Reading I: Sirach 27:4-7
Reading II: 1 Corinthians15:54-58
Gospel: Luke 6: 39-45
There is no lack of moral issues that call for action by people of good will. Among these are racism, poverty, immigration, the environment, the sanctity of life, sexual abuse, human trafficking, the hunger and homelessness—to name just a few. When we start thinking about moral issues of such significance, we can soon become overwhelmed. What can we do to bring about real change? Society’s problems are too many and too complex.
Today Jesus raises a moral issue that every person can deal with effectively because we are in control of our attitudes and actions regarding other individuals. Jesus calls us to be less judgmental and more understanding regarding the moral failings of others. “How can you say to your brother, ‘Brother, let me remove that splinter in your eye,’ when you do not even notice the wooden beam in your own eye?” (Luke 6:41).
St. Francis embraced the truth of Christ’s words. In the Rule of his Order, he advised his brothers: “. . . be careful not to become angry and upset over someone’s sin, for anger . . . impedes love.” Too often, people romanticize St. Francis but he was a realist. He knew that his brothers and he himself would sin for as the Apostle wrote: “. . . all have sinned and fall short of the glory of God” (Rom 3:23). St. Francis did not want his brothers to condemn anyone for their sin but to call them to repentance so that they could become the persons God created them to be. The keys to achieving this are not judgment, anger or condemnation, but understanding, compassion, and love. Pope Francis’ experience as a priest, Jesuit superior, and bishop taught him this. He expressed the fruit of that experience in his oft-quoted characterization of the Church as a “field hospital that cares for the wounded.”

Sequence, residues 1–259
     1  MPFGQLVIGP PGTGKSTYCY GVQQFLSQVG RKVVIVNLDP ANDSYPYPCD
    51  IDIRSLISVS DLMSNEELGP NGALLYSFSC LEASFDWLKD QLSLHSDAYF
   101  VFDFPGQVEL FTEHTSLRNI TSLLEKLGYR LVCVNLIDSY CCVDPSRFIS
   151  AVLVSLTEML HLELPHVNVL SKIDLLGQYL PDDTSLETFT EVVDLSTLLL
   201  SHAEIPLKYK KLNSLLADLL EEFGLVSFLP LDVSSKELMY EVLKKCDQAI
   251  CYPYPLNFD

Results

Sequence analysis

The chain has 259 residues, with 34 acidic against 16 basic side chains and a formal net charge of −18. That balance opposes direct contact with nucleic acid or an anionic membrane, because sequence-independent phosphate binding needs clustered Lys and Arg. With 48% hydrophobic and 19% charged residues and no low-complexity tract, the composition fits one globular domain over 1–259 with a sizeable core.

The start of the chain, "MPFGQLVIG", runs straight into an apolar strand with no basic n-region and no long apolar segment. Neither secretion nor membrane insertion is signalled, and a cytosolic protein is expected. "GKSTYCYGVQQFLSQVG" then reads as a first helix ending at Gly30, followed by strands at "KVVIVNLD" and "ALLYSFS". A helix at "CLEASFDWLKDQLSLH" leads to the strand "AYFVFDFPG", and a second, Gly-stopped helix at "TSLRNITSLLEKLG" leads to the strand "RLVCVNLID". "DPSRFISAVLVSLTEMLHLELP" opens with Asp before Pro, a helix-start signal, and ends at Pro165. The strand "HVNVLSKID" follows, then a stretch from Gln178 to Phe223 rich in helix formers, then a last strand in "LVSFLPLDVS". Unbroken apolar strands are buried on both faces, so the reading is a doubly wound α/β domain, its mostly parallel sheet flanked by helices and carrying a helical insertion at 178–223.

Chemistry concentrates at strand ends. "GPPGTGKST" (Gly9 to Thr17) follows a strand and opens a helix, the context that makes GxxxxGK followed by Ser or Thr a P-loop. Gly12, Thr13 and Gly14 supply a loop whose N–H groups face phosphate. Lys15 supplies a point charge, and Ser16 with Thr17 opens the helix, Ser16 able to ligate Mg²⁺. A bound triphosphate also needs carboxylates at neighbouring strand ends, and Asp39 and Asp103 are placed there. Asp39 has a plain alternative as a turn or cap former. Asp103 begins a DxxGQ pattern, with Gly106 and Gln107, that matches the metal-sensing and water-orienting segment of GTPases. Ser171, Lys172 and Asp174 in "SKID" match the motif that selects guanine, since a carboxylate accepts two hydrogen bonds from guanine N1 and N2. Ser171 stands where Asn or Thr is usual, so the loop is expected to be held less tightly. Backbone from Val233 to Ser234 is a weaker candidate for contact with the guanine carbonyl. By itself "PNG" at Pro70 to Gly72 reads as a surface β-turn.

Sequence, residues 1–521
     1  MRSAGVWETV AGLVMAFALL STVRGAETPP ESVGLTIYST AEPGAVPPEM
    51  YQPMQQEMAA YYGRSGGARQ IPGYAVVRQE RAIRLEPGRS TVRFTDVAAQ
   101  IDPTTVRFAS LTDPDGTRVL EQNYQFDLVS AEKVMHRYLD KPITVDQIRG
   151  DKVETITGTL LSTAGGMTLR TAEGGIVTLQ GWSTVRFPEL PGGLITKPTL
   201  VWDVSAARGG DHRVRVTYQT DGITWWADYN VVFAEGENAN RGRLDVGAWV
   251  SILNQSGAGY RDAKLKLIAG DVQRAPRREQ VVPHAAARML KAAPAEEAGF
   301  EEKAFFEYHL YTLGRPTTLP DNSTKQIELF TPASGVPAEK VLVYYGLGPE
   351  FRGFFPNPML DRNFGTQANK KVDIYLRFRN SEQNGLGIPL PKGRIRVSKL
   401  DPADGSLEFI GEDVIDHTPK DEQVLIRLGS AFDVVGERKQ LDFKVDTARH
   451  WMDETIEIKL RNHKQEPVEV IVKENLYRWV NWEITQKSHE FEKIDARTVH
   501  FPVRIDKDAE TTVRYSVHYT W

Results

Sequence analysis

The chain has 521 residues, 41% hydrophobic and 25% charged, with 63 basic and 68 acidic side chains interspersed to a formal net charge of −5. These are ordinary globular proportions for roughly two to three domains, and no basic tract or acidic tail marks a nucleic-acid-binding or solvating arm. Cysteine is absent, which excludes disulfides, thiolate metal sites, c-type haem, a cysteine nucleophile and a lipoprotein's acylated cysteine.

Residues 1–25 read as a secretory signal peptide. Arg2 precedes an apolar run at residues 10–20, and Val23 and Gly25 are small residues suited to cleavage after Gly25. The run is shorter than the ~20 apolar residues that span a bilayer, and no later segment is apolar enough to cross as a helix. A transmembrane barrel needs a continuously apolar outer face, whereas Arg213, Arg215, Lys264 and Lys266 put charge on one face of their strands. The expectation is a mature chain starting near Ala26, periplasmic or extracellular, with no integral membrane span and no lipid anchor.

Another person who had an intuitive grasp of Christ’s words regarding judging others was Dave Garroway, the founding host and anchor of the Today show. He usually concluded each day’s program with the words “Be kind to one another.” We ought never be indifferent to sin as if it does not matter what people say and do to each other. Of course, it matters. But we need to find a way to lead each other to repentance. That will not happen if we are judgmental, impatient, or angry because of another’s sin. Simply put, today’s gospel reading calls to be kind to each other–to support each other as we all struggle with our selfishness and sin.
There are many important moral issues that call for a thoughtful, creative, and generous response from us. This can be overwhelming because many require systemic change that appears to be beyond our ability to effect. Today’s gospel lesson speaks to us of one aspect of our moral life that is under our control. We have a choice between being judgmental or understanding as we deal with each other. We all are sinners in need of understanding and forgiveness. We have no right to call attention to the speck in another’s eye, when there is a beam in our own. Because of God’s grace at work in us, we can be confident that our efforts to become more understanding will bear fruit and so we join Paul in offering “thanks to God who gives us victory through our Lord Jesus Christ” (1 Cor 15:57).
Professor Emeritus of Old Testament Studies